After an excursion to observe how the Retail Apocalypse is hurting chain restaurants like Ruby Tuesday, it's time to return to retail chains and their stores. CBS News reported last week Retailers expected to shutter 12,000 stores this year.
Low-price shoe company Payless alone is responsible for about one-third of the store closings expected this year.Of all the chains listed, I've already covered Payless ShoeSource, Gymboree, Charlotte Russe, Family Dollar, Dressbarn, and Shopko. The largest chain in terms of closings I haven't even mentioned yet is Fred's, which the video reports as announcing the closing of 313 stores. That happened in three waves. Twin States News in Alabama and Mississippi reported in April Fred's Closing 159 Stores during the first wave.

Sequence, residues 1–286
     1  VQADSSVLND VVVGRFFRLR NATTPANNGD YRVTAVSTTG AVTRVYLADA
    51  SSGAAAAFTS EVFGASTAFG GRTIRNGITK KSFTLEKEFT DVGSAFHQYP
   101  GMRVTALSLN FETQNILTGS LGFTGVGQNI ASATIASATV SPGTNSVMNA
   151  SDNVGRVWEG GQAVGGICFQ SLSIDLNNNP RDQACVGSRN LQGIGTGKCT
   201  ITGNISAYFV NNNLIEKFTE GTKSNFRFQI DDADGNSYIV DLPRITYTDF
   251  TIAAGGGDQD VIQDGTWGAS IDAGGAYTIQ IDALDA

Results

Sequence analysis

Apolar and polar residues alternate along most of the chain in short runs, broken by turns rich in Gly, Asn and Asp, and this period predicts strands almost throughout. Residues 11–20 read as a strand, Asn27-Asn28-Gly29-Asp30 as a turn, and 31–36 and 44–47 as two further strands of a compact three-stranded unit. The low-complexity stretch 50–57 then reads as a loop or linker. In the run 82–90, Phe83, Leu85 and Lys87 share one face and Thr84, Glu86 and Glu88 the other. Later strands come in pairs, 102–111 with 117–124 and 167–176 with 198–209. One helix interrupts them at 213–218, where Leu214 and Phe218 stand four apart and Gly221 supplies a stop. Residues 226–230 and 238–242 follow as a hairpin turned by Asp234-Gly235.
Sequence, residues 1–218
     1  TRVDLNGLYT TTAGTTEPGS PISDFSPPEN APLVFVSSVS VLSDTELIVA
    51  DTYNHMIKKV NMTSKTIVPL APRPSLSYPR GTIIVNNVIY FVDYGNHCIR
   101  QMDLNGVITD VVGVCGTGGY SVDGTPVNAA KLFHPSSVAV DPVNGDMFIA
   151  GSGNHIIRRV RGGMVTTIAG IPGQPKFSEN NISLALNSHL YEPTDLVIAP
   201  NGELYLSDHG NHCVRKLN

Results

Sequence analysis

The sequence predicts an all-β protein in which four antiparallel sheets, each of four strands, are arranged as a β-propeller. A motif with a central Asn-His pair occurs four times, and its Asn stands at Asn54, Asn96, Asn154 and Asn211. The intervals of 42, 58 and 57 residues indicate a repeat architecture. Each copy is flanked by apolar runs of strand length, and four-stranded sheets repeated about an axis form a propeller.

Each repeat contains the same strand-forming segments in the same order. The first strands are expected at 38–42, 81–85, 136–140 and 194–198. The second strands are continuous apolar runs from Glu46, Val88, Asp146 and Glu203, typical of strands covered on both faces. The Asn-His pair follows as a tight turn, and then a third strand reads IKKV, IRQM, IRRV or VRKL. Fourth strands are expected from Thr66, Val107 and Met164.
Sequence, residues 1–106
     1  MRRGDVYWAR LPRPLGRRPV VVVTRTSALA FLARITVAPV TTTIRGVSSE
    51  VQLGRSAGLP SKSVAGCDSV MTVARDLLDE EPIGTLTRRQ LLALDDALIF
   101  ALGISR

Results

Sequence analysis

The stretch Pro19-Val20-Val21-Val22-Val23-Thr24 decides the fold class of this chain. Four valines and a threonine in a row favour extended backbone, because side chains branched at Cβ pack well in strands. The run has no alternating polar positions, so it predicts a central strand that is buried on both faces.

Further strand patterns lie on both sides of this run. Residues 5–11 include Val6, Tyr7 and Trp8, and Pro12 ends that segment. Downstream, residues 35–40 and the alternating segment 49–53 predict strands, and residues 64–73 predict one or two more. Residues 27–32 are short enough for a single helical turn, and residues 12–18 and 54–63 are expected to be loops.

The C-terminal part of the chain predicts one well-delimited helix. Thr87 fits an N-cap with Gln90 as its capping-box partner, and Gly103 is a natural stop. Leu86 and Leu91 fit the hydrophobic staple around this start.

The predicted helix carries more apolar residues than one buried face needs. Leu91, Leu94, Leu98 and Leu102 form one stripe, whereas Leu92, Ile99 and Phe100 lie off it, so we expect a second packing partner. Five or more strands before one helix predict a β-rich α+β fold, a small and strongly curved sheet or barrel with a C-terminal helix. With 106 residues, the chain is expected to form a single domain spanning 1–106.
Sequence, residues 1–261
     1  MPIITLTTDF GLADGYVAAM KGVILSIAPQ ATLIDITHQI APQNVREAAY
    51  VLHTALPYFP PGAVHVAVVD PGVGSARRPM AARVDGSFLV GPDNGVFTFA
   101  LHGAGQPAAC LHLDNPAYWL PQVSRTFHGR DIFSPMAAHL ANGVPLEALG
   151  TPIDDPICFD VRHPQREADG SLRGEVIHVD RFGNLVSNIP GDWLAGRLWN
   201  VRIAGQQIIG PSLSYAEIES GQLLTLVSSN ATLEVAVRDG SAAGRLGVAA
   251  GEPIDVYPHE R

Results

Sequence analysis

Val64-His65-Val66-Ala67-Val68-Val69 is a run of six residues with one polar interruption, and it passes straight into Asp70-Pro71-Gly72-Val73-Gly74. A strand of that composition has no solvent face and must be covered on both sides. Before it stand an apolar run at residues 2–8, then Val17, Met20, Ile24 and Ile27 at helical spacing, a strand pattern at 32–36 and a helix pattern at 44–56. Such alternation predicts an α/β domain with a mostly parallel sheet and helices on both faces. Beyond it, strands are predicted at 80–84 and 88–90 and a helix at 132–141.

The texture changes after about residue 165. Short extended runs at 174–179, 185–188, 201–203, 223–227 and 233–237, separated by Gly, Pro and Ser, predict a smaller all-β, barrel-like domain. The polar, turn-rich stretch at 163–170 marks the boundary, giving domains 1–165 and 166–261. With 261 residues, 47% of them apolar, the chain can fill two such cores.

The next month, Local 24 in Memphis reported on the second wave that Fred's closing more stores, closing 104 more stores for a total of 263.
If everything went according to plan, all these stores have already closed.
This month, WLBT reported on the third wave of Fred's stores closing.
I was looking for 50 stores but found 49. The math isn't perfect but it's close enough.
I plan on looking at the rest of the chains mentioned later this year, particularly GNC and Kay's Jewelers, both of which are probably victims of decreased foot traffic at their mall locations. In the meantime, I'm leaving my readers with the following statistics from Business Insider, which forecast earlier this month Here's how many stores need to close across the US before the retail apocalypse ends, according to analysts by 2026.
- Clothing: 20,700 stores
- Consumer electronics: 9,800 stores
- Home furnishings: 8,400 stores
- Grocery: 7,310 stores*
- Sporting goods: 5,900 stores
- Office supplies: 1,930 stores
- Home improvement: 620 stores
- Auto parts: 60 stores
*Remember that the conversation that led to Brick Immortar's video about Ruby Tuesday started off as a tangent from Erik of Retail Archaeology's observation about grocery store closings. Looks like Erik is right about the sector.